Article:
The yield curve has reflected the same inversion trend since the fall, but for two different reasons. Initially it embodied strong projections on economic growth, while the Fed endeavored to contain these to avoid the emergence of excessive imbalances. Today it points to lackluster projections from investors, regardless of the Fed’s policies. 
It is easy to envisage the Fed’s role in solving this conundrum: it could cut back its key rate. Yet if we look at the minutes of the last meeting, members of the monetary policy committee are not yet entirely convinced that this is required.
Recessionary risk increases as investor projections deteriorate and everyone sits tight to wait it out. But this is when action is required, although the president does not seem to be persuaded that this type of move is needed.

European elections: changes but no revolution

Elections for the European Parliament mobilized more in the May 26 poll. The participation rate is at 50.8%, the highest since 1994. For France also this change is strong with a participation of 50.1%, the highest since 1994.

We can see on the graph the change of pace This mobilization has been observed in most European countries.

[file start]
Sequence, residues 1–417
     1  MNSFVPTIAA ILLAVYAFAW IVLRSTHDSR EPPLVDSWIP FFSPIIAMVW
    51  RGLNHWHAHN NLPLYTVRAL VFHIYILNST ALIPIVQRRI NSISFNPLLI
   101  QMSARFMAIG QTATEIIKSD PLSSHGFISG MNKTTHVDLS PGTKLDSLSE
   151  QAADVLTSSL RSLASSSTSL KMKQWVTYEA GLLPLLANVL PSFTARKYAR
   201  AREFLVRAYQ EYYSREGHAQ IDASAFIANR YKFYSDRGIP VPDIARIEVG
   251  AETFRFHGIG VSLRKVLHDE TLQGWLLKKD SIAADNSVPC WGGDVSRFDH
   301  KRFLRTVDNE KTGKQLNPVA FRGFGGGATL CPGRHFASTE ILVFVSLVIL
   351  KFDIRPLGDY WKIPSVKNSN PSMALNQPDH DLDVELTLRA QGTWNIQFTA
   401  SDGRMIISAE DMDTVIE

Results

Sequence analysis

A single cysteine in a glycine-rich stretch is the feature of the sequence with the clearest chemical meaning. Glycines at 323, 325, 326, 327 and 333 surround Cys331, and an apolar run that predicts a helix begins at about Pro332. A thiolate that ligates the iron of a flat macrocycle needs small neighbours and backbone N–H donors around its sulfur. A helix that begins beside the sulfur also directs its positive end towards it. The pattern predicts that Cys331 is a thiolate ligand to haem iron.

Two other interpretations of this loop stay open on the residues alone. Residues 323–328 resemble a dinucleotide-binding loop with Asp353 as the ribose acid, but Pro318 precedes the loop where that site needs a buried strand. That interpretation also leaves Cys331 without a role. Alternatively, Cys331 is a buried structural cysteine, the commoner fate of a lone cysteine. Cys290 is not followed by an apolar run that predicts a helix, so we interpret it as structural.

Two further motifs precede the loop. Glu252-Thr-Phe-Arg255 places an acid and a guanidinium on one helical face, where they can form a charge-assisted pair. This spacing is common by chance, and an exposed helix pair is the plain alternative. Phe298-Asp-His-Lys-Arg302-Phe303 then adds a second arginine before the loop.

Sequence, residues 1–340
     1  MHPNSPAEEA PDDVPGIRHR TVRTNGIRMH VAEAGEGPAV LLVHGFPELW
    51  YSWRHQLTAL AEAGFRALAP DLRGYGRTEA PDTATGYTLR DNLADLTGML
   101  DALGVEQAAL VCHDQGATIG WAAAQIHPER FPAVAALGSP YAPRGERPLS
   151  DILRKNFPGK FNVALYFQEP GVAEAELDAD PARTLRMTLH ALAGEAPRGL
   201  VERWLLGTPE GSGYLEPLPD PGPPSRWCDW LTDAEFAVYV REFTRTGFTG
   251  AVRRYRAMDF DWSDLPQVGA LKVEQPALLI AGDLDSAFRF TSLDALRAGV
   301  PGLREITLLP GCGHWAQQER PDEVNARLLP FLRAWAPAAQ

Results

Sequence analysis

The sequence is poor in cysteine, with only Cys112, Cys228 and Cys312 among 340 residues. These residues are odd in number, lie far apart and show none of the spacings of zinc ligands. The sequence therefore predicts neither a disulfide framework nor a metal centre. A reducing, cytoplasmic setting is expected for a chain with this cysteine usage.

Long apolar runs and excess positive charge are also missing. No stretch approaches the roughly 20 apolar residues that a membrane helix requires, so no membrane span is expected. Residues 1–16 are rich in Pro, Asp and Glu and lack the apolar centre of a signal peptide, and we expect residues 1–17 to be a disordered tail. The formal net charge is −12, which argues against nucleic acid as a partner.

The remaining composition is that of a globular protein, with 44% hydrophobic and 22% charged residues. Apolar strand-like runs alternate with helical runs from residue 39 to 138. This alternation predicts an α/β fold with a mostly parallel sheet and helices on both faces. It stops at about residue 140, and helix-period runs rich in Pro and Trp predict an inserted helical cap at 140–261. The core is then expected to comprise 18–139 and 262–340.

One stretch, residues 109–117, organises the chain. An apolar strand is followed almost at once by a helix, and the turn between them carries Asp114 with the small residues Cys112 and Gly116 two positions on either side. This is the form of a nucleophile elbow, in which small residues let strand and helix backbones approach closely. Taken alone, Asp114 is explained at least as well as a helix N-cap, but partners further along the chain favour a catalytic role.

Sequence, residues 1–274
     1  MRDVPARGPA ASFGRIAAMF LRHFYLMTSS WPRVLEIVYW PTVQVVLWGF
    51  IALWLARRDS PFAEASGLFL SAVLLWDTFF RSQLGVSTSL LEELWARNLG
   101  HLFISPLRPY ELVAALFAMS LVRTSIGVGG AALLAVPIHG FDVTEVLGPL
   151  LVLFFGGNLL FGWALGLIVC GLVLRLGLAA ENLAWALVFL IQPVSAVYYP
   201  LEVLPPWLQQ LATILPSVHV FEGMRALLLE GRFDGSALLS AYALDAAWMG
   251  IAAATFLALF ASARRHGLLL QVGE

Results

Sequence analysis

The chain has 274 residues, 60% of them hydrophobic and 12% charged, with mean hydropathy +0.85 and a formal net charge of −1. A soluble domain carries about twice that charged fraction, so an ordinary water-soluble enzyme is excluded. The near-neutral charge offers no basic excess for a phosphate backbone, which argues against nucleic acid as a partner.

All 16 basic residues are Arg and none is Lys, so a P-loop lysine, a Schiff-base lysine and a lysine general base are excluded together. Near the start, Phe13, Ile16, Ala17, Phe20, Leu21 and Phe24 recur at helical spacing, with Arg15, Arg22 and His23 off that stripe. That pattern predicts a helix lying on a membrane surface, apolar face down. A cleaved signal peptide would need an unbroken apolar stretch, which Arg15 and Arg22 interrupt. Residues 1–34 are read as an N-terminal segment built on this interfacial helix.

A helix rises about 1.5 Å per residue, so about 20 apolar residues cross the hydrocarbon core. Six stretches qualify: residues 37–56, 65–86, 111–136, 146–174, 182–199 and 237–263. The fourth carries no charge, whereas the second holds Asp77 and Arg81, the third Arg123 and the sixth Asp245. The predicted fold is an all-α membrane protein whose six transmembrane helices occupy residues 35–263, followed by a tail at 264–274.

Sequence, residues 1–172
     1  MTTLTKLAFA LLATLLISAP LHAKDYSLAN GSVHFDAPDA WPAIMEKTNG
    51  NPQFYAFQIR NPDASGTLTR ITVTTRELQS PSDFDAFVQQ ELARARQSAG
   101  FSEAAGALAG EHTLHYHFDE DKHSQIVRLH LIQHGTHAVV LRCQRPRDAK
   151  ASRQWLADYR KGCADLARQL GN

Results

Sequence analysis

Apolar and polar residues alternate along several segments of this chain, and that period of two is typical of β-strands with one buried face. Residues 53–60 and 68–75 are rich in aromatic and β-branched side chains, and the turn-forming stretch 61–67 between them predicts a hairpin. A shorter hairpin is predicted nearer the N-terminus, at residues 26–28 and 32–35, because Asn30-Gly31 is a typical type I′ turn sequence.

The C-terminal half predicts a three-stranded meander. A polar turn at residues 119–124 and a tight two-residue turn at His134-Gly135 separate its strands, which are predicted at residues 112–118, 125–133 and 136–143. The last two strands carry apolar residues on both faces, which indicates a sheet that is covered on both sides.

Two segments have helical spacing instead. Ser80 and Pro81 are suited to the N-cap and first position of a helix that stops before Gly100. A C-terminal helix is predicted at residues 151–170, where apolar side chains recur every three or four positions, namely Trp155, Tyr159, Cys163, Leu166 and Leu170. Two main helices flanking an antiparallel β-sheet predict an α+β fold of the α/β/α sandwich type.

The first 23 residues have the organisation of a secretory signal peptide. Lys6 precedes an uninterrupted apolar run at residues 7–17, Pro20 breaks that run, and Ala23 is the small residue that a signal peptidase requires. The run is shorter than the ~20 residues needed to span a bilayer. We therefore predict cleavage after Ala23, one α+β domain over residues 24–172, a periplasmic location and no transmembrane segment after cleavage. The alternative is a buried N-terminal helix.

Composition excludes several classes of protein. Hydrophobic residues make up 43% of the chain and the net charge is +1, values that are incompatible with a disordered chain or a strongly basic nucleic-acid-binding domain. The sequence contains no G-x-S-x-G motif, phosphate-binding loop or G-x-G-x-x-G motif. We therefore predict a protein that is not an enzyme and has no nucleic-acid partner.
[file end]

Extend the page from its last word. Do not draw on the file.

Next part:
Only 8 countries have a participation rate which is down compared to the 2014 elections. We note the very strong increase in participation in Central Europe.

In Poland, Hungary and Romania, this rate had never been so high.
In other words, the European question has rather mobilized in all European countries.

This vote has also resulted in greater diversity and this may be a consequence of this increased participation.
The conservative party (EPP) is no longer so dominant and the social democrats can no longer make an alliance with them for a broad coalition. The counterpart of this weakness of the parties that traditionally dominated the Parliament, is the circa forty seats won by the liberal centrists, the circa thirty won by the greens and the twentieth gleaned by the nationalist parties and extreme right. The radical left, however, loses about fifteen seats.
The question that was important on the eve of these elections was the balancing point between those who want to make the evolution of Europe within the existing rules and those who want to use rules when they fit them. The parliament remains very oriented towards the respect of the rules. The nationalist and far-right parties will represent just under 180 seats out of 751 and will not participate in any coalition.
There has not been a tidal wave towards nationalism and that is why the financial markets do not experience any ups and downs. Salvini’s victory in Italy was long overdue, so it’s no surprise, just like Orban’s victory in Hungary.
There may, however, be local stories like in Greece where the Democratic Party has supplanted Prime Minister Tsipras’ s party while legislative elections will be held soon.